News From Terre Haute, Indiana

August 16, 2013

Vigo pox outbreak speeds state mandate

All kids in K through 12th grade now need to show two valid chickenpox vaccines

Sue Loughlin
The Tribune-Star

TERRE HAUTE — Vigo County’s chickenpox outbreak last fall, then described as the largest in the nation, helped expedite a new state immunization requirement.

“Indiana has changed its vaccine requirement for school entry,” said Joni Wise, Vigo County Health Department administrator.

For the 2013-2014 school year, every student in kindergarten through 12th grade is required to have a record documenting two valid doses of varicella (chickenpox) vaccine or a documented history of chickenpox disease.

Students from kindergarten through fifth grade will need to have their histories of chickenpox disease documented by a health care provider.

With Vigo County School Corp. classes scheduled to start Monday, school and health officials want to remind families about chickenpox and other vaccination requirements.

If there are children who need the chickenpox or other vaccinations within families who lack insurance, those families can call the Vigo County Health Department clinic at 812-462-3431 to see if they qualify and then make an appointment.

 The health department participates in the Vaccinations For Children program (VFC), a federal program that provides vaccines at no cost to children who might not otherwise be vaccinated because of inability to pay.

Indiana State University’s Sycamore Nursing Center also offers immunization clinics and participates in the VFC program. For more information, call 812-237-3696.

Many private providers participate in VFC as well, Wise said.

The chickenpox doses must be appropriately administered, Wise said. The first dose must be on or after the first birthday, and the second dose at least 28 days later.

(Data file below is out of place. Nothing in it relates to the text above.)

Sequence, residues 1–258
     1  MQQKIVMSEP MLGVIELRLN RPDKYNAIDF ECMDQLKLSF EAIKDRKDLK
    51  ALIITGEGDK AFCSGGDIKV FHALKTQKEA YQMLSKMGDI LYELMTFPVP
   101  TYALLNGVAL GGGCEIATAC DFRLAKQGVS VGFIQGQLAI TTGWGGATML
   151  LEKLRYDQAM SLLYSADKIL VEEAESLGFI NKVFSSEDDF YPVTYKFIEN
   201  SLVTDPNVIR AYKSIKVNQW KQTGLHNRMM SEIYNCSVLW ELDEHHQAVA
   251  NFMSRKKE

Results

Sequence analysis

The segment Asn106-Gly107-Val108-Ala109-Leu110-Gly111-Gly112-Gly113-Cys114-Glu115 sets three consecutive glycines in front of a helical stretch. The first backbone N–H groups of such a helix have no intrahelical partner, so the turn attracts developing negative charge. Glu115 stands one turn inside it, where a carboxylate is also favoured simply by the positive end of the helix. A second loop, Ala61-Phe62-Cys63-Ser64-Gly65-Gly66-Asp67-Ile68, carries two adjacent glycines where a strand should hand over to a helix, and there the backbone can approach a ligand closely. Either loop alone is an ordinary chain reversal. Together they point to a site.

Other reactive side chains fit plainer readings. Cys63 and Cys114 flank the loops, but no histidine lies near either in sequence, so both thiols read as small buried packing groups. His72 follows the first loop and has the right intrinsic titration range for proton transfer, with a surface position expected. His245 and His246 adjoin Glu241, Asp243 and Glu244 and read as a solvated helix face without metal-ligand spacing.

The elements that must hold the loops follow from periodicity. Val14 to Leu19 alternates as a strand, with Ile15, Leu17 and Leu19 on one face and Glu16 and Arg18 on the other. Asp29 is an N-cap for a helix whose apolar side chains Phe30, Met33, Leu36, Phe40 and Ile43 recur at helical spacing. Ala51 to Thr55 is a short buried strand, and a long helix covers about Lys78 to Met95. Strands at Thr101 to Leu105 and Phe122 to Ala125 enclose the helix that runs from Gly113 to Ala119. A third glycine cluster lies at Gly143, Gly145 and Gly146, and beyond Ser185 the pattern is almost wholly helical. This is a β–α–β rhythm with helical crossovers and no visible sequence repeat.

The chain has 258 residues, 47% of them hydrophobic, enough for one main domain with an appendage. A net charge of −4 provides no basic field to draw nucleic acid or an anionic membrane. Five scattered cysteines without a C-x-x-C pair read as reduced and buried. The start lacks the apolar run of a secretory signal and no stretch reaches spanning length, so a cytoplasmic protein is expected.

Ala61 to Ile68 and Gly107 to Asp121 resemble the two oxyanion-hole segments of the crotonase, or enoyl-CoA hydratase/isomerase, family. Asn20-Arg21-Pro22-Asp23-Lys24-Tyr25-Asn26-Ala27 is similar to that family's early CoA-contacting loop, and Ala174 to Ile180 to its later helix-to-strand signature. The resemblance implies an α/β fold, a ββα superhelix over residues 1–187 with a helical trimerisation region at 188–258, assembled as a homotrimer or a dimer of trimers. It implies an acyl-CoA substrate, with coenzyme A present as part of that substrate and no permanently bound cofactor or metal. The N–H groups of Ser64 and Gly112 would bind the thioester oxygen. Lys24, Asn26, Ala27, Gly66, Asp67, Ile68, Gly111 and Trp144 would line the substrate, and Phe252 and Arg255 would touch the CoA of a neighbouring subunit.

“One thing we found last fall was that some students had received two doses, but they were not properly administered, and the second dose had to be regiven,” Wise said.

She also cautioned that even with two doses, children still can get a mild case of the disease, “but there are fewer hospital and health issues,” Wise said.

The state announced the changes in January, citing five chickenpox outbreaks throughout the state, including the one in Vigo.

Because of the outbreak here, all students had to receive two vaccinations, demonstrate a history of the disease or face exclusion from school. The community had mass vaccination clinics late last year.

As a result, most VCSC students should be fully immunized this year, said Carol Lucas, VCSC chairwoman of nursing services.

 Parents can get immunization records from their health care provider or use the secure website, www.My VaxIndiana.in.gov, to print their child’s official immunization record from home by using a personal identification number (PIN).

Vaccines that are highly recommended, but not required this year, include two doses of Hepatitis A vaccine for students entering kindergarten and a booster dose of meningococcal conjugate (meningitis) vaccine for adolescents ages 16 to 18.

Wise noted that recommended vaccinations usually become future requirements.

For more information about school immunization requirements, visit the Indiana State Department of Health’s website at www.StateHealth.in.gov.

 

Sue Loughlin can be reached at 812-231-4235 or sue.loughlin@tribstar.com.